Putting it into Practice | January 6, 2011

Farm Aid puts it into practice with HOMEGROWN Concessions

HOMEGROWN_CONCESSIONS_MENU-SMALLAt Farm Aid, I know the HOMEGROWN Concessions® (yes, earlier this year we had it trademarked) will give me lots of options for finding tasty food grown by family farmers. A huge amount of work by countless people goes into getting all that food ready for concert day, but one key person is the concert’s Culinary Director Sonya Dagovitz. I spoke with Sonya about this year’s concert in Kansas City to find out how those family farm-sourced bratwursts, BBQ pork chops, and veggie burgers filled so many happy concertgoers’ bellies.

Sonya (who is also President of Natural Needs, specializing in sustainable foodservice, event marketing, fundraising, and consumer outreach & education) has worked around the concert with Farm Aid since 1997. Initially, she made sure the food served backstage for artists and production staff is sourced from family farmers, identified as local, and/or organic, non-GMO, humanly raised, or utilizing other ecological practices, along with a commitment to a fair price for producers.

Farm Aid’s commitment to promoting food from family farms for years has included a wide range of activities, but one crucial aspect we needed to figure out was how to serve family farm food to the thousands who attend the concert. For many years Farm Aid included a few family farm vendors in concession, particularly Patchwork Family Farms. But by 2006 Farm Aid began to transition the venues’ concessionaires themselves.

And the dream we shared (as Sonya put it, “Wouldn’t it be so wonderful if all the people at the concert could have this food?”) became a more complete reality in 2007 in New York. Farm Aid called it HOMEGROWN Concessions and made it a required deal point in the venue contract. Since then, everyone at the show, whether they’re sitting in the back row or are hanging out backstage with Willie, can get a taste of that good food.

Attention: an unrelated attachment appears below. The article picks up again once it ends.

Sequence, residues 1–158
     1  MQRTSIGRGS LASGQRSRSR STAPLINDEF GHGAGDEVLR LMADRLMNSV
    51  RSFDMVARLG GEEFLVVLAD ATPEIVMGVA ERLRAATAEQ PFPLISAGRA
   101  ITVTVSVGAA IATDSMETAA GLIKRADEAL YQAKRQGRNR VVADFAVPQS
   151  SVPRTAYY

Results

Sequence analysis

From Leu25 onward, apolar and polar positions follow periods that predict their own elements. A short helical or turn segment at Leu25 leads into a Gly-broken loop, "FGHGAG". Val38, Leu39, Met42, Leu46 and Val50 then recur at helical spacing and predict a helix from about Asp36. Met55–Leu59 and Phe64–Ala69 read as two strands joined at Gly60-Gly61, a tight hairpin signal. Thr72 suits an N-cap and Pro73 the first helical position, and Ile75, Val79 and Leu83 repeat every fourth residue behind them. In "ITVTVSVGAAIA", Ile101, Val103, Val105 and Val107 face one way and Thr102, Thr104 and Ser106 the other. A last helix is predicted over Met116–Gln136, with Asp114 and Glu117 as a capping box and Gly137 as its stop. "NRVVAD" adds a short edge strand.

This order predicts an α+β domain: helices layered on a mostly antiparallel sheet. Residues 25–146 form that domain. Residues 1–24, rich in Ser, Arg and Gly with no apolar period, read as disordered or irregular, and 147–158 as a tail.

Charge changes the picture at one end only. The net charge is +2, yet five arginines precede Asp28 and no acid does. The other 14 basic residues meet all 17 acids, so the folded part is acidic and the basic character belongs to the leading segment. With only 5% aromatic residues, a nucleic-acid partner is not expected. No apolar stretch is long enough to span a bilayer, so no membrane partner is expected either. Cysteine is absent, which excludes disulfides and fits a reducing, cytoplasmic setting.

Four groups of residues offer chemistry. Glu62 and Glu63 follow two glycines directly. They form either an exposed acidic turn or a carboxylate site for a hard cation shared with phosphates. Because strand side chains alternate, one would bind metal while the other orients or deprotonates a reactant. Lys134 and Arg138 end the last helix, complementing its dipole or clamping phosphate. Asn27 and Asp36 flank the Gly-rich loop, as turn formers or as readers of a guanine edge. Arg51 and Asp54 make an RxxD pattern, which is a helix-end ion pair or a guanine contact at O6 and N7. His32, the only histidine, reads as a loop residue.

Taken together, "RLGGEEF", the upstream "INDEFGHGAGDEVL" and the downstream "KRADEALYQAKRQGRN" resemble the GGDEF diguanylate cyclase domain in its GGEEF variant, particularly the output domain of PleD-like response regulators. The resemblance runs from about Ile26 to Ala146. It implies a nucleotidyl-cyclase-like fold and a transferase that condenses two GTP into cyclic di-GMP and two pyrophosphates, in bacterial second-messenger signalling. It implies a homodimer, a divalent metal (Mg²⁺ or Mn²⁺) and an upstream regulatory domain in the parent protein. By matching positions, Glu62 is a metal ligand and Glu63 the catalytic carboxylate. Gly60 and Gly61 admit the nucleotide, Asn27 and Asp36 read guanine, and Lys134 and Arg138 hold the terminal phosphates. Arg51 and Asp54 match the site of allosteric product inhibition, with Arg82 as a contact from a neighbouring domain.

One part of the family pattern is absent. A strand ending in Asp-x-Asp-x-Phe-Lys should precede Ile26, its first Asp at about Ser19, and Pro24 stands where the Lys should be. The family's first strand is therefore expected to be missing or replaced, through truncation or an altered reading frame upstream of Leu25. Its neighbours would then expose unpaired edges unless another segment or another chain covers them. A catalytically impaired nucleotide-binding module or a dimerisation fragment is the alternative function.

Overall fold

Farm Aid’s first step is meeting with the people who provide food service at the venue to talk about our mission. We discuss the criteria that are used to define “good food,” why Farm Aid cares about where the food comes from and how it’s produced. The concessionaire generally uses their already created menu, while adding a few more fresh items. Then it’s Sonya’s job to go out and find family farmer sources that can supply that menu. She says, “They have professional kitchens, and they think more in terms of food service and portion control with set recipes. They’re very precise in how they cook, whereas our food may be less precise in terms of recipe, but more precise in terms of the growing practices for the ingredients themselves.”

Sonya looks at each venue’s existing distributors and sees if they have good options that we could use. She explains, “Is there anything there that the distributors can already get? Because if their food service provider is carrying good food and now the venue starts buying it — then that’s good! It’s good for business, and it sends a message to those distribution channels that there really is a market for family farm food.”

In addition, Farm Aid’s long-time relationships with farm groups in the local communities is a resource for sourcing family farm food. Sonya describes the process this way, “Let’s say they have a corn roast on the menu. Who’s got corn? Who are the farmers growing corn in this area? Or if it’s burgers, who are the ranchers here? Who’s grass-fed and who can we purchase from? That’s a sale for a local area farmer. At Farm Aid, we’re all about growing local economies and the concert itself does that with its food services. It provides some really good orders for some people — co-ops, local markets, CSAs — everyone just rallies around the food services. It’s a lot of work, but we leave behind a lot of relationships that last after the concert is over.”